When Do We Eat?
There are plenty of movies about dysfunctional Christmas dinners with the family. Recent examples include The Family Stone (kind of), and Surviving Christmas, a really rancid example. Salvador Litvack probably felt left out. Where were the annoying Jewish themed family meal comedies? Woody Allen never really made one. So he got together with Nina Davidovich, and the two wrote the screenplay for When Do We Eat? Litvack also directed this effort, which is essentially one long sitcom full of outrageously fake characters mashed together for maximum dysfunction.
The impetus is a traditional Seder, something the Stuckman's have not done for years. After all, Ira (Michael Lerner, Elf, Larceny) owns a company that makes Christmas ornaments. However, his son Ethan (Max Greenfield, Cross Bronx) is now a Hasidic Jew, and Ira's wife Peggy (Lesley Ann Warren, My Tiny Universe, Secretary) wants to make him feel welcome. A few years ago, there was a falling out between Ira and Ethan, and this is his first Seder back. The Stuckmans are not exactly the poster children for Judaic culture. Ira's specialty is a speedy Seder that zooms through most of the ceremony so that the entire family can get to the food.
And what a purposefully weird family it is. Nikki (Shiri Appleby, Undertow, The Battle of Shaker Heights) is a sexologist. Zeke (Ben Feldman) is a high schooler with a drug problem. The youngest son, Lionel (Adam Lamberg, The Lizzie Maguire Movie, Max Keeble's Big Move) has autism. Meanwhile, Ira's daughter Jennifer (Meredith Scott Lynn, Hollywood Homicide, Legally Blonde) has a job doing close captioning. Why does Litvack mention this? Hard to say, because it never comes into play. She brings her girlfriend Grace (Cynda Williams, MacArthur Park, The Last Call) into the madness. Also on hand are Ira's father Artur (Jack Klugman, Dear God, Two-Minute Warning), who still believes that the Nazis will come at any minute, and hot cousin Vanessa (Mili Avital, The Human Stain, Kissing A Fool), and Rafi (Mark Ivanir, Mr. & Mrs. Smith, The Terminal), the guy with the eye patch who set up the traditional tent in the backyard.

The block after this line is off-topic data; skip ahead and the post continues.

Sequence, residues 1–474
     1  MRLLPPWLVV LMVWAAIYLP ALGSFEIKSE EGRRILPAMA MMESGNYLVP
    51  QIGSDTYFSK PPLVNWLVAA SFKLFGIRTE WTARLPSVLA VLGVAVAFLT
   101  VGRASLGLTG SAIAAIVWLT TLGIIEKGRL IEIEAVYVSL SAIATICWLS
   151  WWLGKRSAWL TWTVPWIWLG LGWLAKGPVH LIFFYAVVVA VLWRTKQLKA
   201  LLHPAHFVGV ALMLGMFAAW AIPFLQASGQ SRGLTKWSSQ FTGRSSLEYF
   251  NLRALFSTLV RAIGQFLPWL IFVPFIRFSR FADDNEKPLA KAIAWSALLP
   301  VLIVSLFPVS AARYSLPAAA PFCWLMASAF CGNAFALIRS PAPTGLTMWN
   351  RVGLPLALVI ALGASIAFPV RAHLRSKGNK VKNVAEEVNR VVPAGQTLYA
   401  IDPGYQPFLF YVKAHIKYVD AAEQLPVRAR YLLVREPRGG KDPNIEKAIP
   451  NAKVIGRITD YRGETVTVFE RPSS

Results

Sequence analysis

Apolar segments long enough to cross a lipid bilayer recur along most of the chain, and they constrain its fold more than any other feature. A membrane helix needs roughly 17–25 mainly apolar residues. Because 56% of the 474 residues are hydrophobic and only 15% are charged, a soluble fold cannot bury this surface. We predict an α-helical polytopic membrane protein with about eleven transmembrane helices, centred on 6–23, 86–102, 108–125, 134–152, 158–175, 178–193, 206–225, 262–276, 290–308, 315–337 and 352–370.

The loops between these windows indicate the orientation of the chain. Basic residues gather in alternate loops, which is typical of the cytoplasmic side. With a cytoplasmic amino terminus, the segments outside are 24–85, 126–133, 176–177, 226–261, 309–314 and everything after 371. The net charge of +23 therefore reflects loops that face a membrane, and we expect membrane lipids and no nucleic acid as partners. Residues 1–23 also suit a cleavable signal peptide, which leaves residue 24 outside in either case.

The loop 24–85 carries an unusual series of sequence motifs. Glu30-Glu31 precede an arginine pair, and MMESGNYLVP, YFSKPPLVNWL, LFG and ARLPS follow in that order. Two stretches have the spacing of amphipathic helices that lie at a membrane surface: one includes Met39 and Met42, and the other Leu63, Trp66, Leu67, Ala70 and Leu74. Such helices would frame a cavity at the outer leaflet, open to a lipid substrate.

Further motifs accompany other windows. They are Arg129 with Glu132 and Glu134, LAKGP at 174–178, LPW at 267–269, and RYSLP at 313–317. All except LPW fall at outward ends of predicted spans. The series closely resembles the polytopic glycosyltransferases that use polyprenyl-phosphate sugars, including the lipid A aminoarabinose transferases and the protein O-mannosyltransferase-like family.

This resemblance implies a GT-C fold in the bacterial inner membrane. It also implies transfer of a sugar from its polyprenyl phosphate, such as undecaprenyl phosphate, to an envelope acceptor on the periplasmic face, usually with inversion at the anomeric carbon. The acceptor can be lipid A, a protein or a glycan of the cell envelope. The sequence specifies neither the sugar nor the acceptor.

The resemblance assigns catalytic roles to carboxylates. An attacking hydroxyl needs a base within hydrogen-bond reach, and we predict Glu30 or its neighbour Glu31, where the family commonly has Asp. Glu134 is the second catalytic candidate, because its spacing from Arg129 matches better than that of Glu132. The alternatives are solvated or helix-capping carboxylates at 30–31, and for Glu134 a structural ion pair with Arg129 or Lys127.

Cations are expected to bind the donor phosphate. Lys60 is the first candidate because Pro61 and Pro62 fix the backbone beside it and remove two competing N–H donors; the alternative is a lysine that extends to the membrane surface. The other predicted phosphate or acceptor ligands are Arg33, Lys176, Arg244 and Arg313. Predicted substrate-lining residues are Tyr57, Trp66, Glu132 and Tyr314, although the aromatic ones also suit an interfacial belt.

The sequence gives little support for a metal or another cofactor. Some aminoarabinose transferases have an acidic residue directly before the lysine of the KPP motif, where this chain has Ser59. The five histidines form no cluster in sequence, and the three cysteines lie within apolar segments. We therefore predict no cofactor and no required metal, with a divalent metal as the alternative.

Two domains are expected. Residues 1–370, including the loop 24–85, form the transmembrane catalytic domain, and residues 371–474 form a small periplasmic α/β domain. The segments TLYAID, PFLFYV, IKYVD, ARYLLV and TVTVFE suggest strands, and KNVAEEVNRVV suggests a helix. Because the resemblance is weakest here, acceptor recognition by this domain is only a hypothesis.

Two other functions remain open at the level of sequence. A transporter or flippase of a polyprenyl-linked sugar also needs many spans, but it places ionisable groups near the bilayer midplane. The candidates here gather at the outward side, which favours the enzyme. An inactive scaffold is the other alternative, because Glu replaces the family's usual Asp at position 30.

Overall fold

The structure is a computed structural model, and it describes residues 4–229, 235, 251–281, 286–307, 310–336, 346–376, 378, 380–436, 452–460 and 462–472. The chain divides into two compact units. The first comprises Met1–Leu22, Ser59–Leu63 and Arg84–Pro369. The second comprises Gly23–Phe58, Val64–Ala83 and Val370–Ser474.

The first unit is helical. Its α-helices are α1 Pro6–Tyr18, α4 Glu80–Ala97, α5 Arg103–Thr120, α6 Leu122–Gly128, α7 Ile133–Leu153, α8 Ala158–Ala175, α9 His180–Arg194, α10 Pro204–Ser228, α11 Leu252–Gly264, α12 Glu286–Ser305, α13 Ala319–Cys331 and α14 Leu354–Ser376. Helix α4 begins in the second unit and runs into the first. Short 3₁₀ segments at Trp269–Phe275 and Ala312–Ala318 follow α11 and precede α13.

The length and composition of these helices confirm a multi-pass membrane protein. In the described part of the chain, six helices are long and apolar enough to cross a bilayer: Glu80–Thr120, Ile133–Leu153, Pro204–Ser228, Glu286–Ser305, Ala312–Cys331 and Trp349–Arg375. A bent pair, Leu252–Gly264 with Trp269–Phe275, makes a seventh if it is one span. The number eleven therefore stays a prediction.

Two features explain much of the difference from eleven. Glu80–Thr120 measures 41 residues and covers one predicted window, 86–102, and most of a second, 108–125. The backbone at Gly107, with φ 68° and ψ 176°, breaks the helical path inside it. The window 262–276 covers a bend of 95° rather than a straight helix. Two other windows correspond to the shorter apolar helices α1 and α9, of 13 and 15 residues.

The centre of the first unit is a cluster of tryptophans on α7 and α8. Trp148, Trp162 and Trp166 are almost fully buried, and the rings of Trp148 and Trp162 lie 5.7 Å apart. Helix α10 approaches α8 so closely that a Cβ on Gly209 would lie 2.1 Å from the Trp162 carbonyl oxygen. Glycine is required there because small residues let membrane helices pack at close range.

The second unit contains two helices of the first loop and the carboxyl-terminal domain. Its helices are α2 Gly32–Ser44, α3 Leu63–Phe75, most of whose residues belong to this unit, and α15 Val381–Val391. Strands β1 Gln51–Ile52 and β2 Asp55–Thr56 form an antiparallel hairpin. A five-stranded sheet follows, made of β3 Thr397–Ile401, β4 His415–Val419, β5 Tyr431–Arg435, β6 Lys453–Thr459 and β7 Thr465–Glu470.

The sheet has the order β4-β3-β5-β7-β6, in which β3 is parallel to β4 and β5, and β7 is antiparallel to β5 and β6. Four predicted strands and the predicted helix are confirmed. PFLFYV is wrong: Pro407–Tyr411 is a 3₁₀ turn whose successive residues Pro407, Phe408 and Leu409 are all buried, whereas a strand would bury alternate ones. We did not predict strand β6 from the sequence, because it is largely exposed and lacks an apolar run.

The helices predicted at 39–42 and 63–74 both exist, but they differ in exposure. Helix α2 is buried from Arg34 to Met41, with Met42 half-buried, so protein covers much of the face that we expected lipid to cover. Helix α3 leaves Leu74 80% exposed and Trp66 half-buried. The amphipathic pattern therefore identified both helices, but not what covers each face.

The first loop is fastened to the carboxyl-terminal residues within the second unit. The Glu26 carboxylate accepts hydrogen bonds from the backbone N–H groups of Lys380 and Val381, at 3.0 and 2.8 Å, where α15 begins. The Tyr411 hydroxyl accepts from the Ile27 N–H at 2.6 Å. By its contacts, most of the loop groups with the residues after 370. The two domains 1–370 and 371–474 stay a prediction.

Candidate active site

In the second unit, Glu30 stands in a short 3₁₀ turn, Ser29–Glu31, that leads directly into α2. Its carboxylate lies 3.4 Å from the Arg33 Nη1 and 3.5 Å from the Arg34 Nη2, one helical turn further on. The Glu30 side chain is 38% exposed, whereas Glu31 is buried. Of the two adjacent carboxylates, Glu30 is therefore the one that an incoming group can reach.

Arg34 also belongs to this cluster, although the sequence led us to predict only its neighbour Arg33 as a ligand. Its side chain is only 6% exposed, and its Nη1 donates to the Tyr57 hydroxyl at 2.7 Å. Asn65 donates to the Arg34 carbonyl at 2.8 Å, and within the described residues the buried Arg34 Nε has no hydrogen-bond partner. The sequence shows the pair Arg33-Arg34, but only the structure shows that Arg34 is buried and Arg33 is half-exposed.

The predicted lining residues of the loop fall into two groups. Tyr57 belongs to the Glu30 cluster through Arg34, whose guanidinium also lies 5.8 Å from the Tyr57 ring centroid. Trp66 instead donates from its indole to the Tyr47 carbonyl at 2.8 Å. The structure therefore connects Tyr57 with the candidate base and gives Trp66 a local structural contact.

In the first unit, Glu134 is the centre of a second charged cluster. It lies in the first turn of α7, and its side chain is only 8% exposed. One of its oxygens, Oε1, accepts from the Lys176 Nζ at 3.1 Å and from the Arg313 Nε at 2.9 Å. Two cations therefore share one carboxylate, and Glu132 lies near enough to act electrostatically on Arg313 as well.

Zeke brings home some ecstasy that his father mistakenly ingests, setting the stage of forced hilarity. It never arrives. Instead, Litvack and Davidovich try to enrich the characters by showing hazy flashbacks of pivotal moments in their lives that typically have something to do with a fight that will happen shortly. The comedy is broad, and the acting is over-the-top, focusing primarily on the tension between Ira and Ethan and Ira's altered state. They tried to make everything funny by making the family as outrageous as possible. Ooh, let's throw in a sexologist, drugs, and even a bit of semi-incest! The constant bickering turns into an undistinguishable cacophony, and When Do We Eat? turns surprisingly boring. But this is a holiday movie, so everything is required to be happy by the end. The problem here is that any sentimental moments ring false, and by the time Litvack wants to wrap things up nicely, nobody watching will care anymore.
|Mongoose Rates It: Pretty Bad.|
|1 hour, 33 minutes, Rated R for drug use, language, and some sexual content.|
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